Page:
Node Smith, ND
It’s summertime, and the sun is out. That means that it’s also the season for our bodies to synthesize vitamin D. Vitamin D is a hormone that is produced by the skin in response to exposure to UVB sunlight. This is the only way our bodies make vitamin D, so if a person is not getting in the sun at all then vitamin D status can get pretty low.
Extremely low levels of vitamin D can cause rickets, a musculoskeletal disorder that largely affects children’s bones. This is because vitamin D is important for calcium to be absorbed by the bones – for it to be moved from the blood into the bones. Since the discovery of the link between vitamin D and rickets, enough food has been fortified with vitamin D to limit the prevalence of rickets tremendously in the developed world.
Many doctors prefer to see their patients in a range above what is currently recommended
However, in the 1980s, research into the link between low vitamin D levels and other diseases began. Since the 80s, vitamin D has been associated with preventing certain types of cancers, multiple sclerosis as well as diabetes. The healthy levels of vitamin D that helps prevent these diseases, and keep us healthy, has been largely debated, but the lowest recommended levels are 30ng/ml and many doctors prefer to see their patients somewhere around 50-80 ng/ml.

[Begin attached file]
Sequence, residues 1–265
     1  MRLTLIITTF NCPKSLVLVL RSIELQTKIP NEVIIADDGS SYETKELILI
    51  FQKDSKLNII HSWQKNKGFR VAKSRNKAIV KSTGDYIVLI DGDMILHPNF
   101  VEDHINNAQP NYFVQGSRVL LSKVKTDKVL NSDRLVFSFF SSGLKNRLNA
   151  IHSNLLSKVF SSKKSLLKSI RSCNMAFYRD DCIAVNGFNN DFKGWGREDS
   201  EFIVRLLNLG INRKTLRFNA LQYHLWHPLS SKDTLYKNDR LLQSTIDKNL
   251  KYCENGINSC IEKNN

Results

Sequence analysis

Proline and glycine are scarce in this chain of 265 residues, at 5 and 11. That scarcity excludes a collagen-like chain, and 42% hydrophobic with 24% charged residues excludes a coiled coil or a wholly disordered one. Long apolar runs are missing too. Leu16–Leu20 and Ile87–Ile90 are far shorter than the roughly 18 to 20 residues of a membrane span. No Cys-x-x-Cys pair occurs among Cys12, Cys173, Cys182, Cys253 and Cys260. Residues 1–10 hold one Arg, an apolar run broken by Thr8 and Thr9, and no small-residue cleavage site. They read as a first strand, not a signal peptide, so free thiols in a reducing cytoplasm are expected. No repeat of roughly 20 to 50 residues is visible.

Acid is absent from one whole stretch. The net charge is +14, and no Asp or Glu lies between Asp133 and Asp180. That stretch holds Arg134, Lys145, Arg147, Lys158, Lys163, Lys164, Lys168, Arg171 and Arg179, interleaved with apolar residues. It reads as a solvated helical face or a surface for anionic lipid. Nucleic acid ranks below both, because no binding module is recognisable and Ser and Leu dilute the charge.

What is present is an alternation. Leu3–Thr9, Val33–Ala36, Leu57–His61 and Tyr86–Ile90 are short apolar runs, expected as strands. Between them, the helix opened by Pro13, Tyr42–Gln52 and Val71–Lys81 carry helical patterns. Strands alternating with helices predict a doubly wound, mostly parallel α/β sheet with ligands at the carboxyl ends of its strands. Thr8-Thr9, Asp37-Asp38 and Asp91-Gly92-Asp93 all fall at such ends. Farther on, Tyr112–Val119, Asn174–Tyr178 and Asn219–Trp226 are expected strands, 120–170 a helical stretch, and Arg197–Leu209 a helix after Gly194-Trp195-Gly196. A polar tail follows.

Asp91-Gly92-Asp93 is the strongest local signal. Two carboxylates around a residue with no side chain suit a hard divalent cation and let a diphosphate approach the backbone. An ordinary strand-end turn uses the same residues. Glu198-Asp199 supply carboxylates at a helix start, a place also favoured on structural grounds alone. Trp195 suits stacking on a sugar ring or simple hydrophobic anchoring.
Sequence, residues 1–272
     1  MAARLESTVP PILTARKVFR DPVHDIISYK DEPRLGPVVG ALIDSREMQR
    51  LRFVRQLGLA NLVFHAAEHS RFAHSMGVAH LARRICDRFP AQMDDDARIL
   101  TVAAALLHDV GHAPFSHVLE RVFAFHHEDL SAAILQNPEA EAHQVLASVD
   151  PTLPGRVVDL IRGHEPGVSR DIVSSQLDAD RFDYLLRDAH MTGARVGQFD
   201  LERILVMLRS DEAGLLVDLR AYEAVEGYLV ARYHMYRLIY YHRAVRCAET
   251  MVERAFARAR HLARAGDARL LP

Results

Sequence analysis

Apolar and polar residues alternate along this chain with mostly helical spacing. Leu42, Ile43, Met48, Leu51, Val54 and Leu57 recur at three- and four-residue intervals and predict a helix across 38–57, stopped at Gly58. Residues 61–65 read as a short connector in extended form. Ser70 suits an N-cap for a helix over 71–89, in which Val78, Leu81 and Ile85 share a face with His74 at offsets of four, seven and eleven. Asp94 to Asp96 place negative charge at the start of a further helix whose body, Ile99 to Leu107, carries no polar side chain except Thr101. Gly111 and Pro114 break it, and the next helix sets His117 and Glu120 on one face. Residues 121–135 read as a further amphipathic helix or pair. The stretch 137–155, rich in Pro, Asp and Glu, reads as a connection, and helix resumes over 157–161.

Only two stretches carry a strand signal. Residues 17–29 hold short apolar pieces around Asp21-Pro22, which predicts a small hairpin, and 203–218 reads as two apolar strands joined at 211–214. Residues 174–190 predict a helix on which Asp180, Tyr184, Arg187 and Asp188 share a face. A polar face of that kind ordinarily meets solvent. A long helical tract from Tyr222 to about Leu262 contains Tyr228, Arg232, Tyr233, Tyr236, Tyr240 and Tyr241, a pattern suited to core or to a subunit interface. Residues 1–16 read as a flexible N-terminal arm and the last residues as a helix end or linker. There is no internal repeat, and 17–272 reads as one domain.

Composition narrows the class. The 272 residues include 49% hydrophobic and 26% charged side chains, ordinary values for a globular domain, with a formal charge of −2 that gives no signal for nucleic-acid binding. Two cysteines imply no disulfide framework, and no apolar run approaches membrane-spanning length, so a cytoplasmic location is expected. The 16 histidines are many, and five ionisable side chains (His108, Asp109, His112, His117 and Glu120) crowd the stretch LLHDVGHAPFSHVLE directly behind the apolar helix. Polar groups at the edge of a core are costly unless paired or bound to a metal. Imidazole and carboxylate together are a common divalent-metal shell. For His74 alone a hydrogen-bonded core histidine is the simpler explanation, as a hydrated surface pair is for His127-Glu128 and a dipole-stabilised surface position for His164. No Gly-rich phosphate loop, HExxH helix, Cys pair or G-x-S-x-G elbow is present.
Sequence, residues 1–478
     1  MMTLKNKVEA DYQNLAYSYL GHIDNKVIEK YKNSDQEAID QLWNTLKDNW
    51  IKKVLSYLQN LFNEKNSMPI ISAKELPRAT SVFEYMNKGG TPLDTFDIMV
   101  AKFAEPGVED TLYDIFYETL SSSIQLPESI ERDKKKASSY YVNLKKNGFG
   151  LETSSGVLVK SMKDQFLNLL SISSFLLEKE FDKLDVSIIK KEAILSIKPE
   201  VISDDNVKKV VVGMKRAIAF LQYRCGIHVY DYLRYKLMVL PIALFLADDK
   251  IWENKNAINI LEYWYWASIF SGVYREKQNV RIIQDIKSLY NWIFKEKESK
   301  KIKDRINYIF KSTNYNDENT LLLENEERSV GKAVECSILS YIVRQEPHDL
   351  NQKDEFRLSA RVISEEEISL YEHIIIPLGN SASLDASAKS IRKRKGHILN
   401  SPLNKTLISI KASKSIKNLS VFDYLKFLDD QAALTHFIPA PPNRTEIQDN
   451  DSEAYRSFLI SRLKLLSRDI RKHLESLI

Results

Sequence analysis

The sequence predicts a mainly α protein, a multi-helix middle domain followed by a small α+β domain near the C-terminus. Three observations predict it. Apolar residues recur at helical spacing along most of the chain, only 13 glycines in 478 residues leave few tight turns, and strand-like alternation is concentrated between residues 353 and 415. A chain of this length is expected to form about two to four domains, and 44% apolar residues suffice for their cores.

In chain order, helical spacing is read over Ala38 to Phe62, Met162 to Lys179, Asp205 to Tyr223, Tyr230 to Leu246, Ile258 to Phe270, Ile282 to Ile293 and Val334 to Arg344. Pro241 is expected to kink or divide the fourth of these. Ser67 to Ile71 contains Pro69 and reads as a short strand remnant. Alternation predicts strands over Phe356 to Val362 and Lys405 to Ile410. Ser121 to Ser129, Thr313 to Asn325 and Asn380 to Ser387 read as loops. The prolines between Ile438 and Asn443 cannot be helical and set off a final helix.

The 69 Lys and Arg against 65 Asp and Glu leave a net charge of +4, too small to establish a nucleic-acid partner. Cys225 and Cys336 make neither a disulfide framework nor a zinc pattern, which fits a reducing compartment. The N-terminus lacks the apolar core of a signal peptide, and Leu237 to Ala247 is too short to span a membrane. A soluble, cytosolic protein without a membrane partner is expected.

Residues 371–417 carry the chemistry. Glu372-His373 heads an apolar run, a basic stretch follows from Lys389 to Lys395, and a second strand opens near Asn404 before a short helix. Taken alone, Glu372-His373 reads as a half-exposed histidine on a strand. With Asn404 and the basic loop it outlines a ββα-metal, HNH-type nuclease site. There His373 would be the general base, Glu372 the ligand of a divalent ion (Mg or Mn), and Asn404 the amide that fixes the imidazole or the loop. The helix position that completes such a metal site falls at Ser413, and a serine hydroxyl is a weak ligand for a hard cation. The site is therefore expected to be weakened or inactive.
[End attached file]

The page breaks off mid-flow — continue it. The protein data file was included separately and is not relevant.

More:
Concerned about getting too much vitamin D?
There is a concern about getting too much vitamin D, which can happen if one is supplementing, but not with sun exposure. The reason for this is that the body has internal regulation of the amount of vitamin D it needs and will shut down synthesis of it when it has adequate stores, with supplementation this does not happen, so blood levels should be monitored regularly. Too much vitamin D is thought to potentially cause calcification of blood vessels and other tissue structures.
But, what is vitamin D doing on a deeper level? Why is it so important, and why do we all need it?
One of the many ways that vitamin D promotes a healthy body is through cellular connection. Vitamin D helps the connection of cells to one another, making communication more effective. This actually allows the cells to cooperate more like a collective and the body to function more harmoniously, rather than individual cells that compete for energy, grow rapidly and aggressively – like cancer. When there is a lack of vitamin D the connections between cells degrade and communication is impaired. With this lack of communication, the growth of cells is not impaired by neighboring cells, and uncontrolled growth can occur.
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Node Smith, ND, is a naturopathic physician in Portland, OR and associate editor for NDNR. He has been instrumental in maintaining a firm connection to the philosophy and heritage of naturopathic medicine among the next generation of docs. He helped found the first multi-generational experiential retreat, which brings elders, alumni, and students together for a weekend camp-out where naturopathic medicine and medical philosophy are experienced in nature. Four years ago he helped found the non-profit, Association for Naturopathic ReVitalization (ANR), for which he serves as the board chairman. ANR has a mission to inspire health practitioners to embody the naturopathic principles through experiential education. Node also has a firm belief that the next era of naturopathic medicine will see a resurgence of in-patient facilities which use fasting, earthing, hydrotherapy and homeopathy to bring people back from chronic diseases of modern living; he is involved in numerous conversations and projects to bring about this vision.